Presumed Republican Presidential nominee Mitt Romney tagged a man named Paul for Vice President. There’s just one problem: He picked Paul Ryan (R-Wis.), not Ron Paul (R-Texas). The latter is a real libertarian, while the former is a big-government conservative.
Jane Aitken, founder of the New Hampshire Tea Party Coalition, wrote an opinion piece for Bedford Patch. The headline read: “Paul Ryan is no Ron Paul.”
The Daily Caller also weighed in last week: “It didn’t take long for libertarians to condemn Mitt Romney’s selection of Paul Ryan as his running mate. Ryan may have required his staffers to read Ayn Rand’s novels, but he’s no John Galt (a fictional character in Ayn Rand’s novel Atlas Shrugged). Over his nearly 14 years in Congress, Ryan has cast several votes unfit for an advocate of limited government. He voted for TARP, auto bailouts, and Medicare expansion. He also voted for No Child Left Behind and twice voted for stimulus spending.”
Paul cannot be excited about Romney tagging Ryan for the VP spot. In an interview given to Fox News last March, Paul called Ryan’s budget proposals timid and said that Ryan did not address the Federal government’s propensity for warmongering. Paul said he didn’t like that the Ryan plan might balance the budget in 30 years and did nothing to address America’s vast overseas military presence. Paul said instead of the Ryan plan he would slash overseas spending by first stopping “militarism” while maintaining spending for national defense.
As reported by Huffington Post, Paul said:
In my program… I address that first [cutting overseas military spending] I want to get home so that you don’t have to attack child health care or Medicare, even though those programs are bankrupt and you have to deal with them. But even in my first year of cutting a trillion dollars, I don’t touch that stuff [child health care or Medicare].
I’m not going after the benefits the Medicare, I’m not doing that initially… I would cut the money that they are screaming about, this overseas militarism.
I see people coming together… 67 percent people now want to come home from Afghanistan… I think the Republican lose the political argument immediately. [The Republican plan is] We want more weapons but we are going to deny the elderly for their healthcare.
Yet Ryan is likely a smart pick for Romney in that his nomination as Vice President will help Romney win the Presidency because it will garner votes from Tea Party supporters. That doesn’t mean that Ryan is anything other than a pretend libertarian. And he certainly isn’t alone in that category.
In his book Fed Up!, Texas Governor Rick Perry wrote: “If you don’t support the death penalty and citizens packing a pistol, don’t come to Texas. If you don’t like medicinal marijuana and gay marriage, don’t move to California.”
While Perry was running for the Presidency, a Des Moines Register reporter asked the former Texas A&M yell leader: “What yell would you give to urge on your campaign?”
Perry replied: “Rick Perry. Liberty. Rick Perry. Freedom. Freedom is working. Liberty is working. We’ve got to get America working again.”
I wondered: what does it mean to be free? I looked up the definition of “libertarian.” The Free Dictionary defines the word as: “One who advocates maximizing individual rights and minimizing the role of the state. One who believes in free will.”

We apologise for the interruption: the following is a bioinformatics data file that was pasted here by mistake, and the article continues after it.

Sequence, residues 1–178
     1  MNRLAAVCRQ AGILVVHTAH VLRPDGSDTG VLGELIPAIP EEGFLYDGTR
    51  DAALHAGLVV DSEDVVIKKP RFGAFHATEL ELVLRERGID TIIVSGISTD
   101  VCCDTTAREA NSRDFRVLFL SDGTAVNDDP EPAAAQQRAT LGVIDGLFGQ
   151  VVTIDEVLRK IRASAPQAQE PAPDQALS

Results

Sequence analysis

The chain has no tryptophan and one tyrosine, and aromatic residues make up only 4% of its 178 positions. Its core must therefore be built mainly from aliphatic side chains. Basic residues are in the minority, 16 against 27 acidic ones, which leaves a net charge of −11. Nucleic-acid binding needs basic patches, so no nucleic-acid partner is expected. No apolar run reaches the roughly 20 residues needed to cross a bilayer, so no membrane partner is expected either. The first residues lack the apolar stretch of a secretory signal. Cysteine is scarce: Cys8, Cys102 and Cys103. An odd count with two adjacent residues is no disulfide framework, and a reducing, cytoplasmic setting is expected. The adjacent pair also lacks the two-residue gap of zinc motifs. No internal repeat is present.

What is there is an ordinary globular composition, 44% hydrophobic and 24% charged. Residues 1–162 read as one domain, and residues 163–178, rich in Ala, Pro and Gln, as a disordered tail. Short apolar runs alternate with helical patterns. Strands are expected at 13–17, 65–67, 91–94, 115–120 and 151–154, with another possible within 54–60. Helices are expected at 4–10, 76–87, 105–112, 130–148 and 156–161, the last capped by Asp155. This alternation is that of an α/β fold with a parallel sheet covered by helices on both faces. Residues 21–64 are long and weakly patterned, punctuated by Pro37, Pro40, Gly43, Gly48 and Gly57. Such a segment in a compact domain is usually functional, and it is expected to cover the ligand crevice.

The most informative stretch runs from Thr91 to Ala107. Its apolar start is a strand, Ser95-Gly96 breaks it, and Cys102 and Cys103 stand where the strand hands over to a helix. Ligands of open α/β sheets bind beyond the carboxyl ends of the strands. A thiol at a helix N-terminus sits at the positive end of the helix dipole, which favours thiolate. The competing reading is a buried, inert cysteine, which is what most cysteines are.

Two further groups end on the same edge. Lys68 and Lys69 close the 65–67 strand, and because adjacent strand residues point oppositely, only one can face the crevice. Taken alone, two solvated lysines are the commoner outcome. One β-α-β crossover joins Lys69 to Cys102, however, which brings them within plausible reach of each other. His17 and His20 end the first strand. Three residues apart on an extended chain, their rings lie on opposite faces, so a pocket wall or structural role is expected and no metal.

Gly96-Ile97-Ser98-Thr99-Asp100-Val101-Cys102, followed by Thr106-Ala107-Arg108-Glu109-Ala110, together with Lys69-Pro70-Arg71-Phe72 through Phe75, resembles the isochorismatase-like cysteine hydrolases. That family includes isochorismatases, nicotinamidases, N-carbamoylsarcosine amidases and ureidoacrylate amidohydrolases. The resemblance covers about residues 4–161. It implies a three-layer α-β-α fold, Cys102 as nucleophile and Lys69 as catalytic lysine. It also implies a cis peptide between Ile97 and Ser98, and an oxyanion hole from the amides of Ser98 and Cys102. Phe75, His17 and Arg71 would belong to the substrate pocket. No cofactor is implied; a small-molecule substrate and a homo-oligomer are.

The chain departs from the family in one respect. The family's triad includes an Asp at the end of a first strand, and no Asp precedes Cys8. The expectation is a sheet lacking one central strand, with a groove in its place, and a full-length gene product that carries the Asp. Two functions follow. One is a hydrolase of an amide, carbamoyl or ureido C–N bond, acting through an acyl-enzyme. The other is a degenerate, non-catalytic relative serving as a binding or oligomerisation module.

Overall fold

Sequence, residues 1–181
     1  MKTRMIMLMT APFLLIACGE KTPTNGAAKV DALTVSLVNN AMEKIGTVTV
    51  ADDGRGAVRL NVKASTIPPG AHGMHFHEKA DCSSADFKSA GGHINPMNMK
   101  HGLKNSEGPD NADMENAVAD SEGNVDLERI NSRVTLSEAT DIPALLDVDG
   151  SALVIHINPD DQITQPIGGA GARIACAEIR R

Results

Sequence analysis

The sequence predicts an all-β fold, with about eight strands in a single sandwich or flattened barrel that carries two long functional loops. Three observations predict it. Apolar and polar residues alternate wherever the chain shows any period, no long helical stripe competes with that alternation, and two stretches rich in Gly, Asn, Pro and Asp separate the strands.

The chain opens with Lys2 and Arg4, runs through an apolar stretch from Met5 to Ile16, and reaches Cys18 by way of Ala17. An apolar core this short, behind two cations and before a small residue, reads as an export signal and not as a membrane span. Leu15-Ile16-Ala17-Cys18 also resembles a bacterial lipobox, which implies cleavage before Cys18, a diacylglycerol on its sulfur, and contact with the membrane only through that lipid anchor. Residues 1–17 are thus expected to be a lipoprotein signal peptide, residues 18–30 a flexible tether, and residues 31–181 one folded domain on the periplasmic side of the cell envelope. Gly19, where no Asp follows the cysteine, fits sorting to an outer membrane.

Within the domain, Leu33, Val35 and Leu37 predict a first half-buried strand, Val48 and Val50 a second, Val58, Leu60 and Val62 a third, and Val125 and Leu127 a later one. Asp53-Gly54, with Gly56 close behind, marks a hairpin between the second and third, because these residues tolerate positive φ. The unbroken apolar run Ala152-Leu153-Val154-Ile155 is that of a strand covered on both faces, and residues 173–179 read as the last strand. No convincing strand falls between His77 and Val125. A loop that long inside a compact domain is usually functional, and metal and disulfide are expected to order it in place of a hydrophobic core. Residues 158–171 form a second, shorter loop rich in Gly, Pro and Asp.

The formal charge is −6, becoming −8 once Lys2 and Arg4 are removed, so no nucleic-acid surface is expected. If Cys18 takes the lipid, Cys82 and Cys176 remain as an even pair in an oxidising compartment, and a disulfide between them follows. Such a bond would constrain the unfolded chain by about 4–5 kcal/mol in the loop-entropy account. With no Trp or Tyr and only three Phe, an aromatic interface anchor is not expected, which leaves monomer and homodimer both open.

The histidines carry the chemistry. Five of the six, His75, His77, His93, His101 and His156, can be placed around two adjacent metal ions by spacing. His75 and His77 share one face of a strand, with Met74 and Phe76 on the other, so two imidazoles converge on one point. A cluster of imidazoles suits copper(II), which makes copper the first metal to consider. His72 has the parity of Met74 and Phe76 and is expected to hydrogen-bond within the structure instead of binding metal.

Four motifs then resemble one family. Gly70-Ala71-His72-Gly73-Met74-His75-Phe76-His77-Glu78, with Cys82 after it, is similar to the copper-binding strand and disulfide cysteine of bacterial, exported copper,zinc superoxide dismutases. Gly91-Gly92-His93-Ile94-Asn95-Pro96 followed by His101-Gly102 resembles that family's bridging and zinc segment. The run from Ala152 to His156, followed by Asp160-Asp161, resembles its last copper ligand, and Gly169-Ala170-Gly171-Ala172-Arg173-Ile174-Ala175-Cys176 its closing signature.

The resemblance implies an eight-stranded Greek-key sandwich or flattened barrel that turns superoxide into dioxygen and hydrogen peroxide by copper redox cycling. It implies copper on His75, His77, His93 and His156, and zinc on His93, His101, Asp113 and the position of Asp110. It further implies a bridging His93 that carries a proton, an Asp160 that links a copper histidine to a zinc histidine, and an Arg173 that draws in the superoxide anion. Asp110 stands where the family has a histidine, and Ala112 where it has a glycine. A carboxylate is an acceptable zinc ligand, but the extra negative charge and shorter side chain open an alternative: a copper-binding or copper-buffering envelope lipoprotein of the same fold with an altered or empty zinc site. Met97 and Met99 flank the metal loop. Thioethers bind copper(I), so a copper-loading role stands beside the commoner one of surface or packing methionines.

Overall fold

Perry doesn’t have a clue what it means to be free. Freedom — and here is the key caveat — is doing what you want as long as you are not hurting another individual.
Let me say it straight: If my neighbor on one side is in a gay union and the neighbor on the other side smokes grass (and if is not hurting me or anyone else), why can’t they? That’s how I look at it; I am a true libertarian.
Perry dresses up in libertarian clothes, pretends to embrace individual freedoms and then at the first instance (when he doesn’t like what he sees) demands government intervention. That is not liberty my friends, that is pretend liberty and something very dangerous to the state of the union.
Romney may pretend to embrace smaller government and less taxation, but his track record as Governor of Massachusetts doesn’t support his argument. Nor does his businessman-first-and-foremost argument carry a lot of truth. As then-GOP hopeful Newt Gingrich pointed out to Romney during one of the GOP Presidential debates: “The only reason you didn’t become a career politician is because you lost to Teddy Kennedy in 1994.”
None of this makes the Romney/Ryan ticket less desirable than the alternative: another four loathsome years of Obama/Biden. It does, however, mean that this election isn’t going to give the sweeping changes that libertarians were hoping would come out of the grassroots Tea Party movement.
Barack Obama fashions himself an old-style Democrat, the likes of President John Kennedy. But what Kennedy wanted for the Nation half a century ago was affordable then. As the upsurge in Federal debt shows, it simply is not possible now.
If Obama looks to the Kennedy era, expect Romney to be a replay not of President Ronald Reagan, but his successor, President George H.W. Bush. That will mean continued excessive military spending and interventions overseas. It will mean continued large deficits.
Led by Romney/Ryan, the country may be 20 percent to 30 percent improved over what will happen if the Obama/Biden team is re-elected. But that won’t be a renaissance for America, and the end result will fall far short of making libertarians happy.
Finally and perhaps most importantly, while a Romney/Ryan victory is in the cards, I don’t think it will resuscitate the U.S. dollar. That inevitably means a continued deterioration in the greenback’s purchasing power — something you should consider before you buy any U.S. paper and before you sell any precious metals you have accumulated.
Yours in good times and bad,
Editor, Myers’ Energy & Gold Report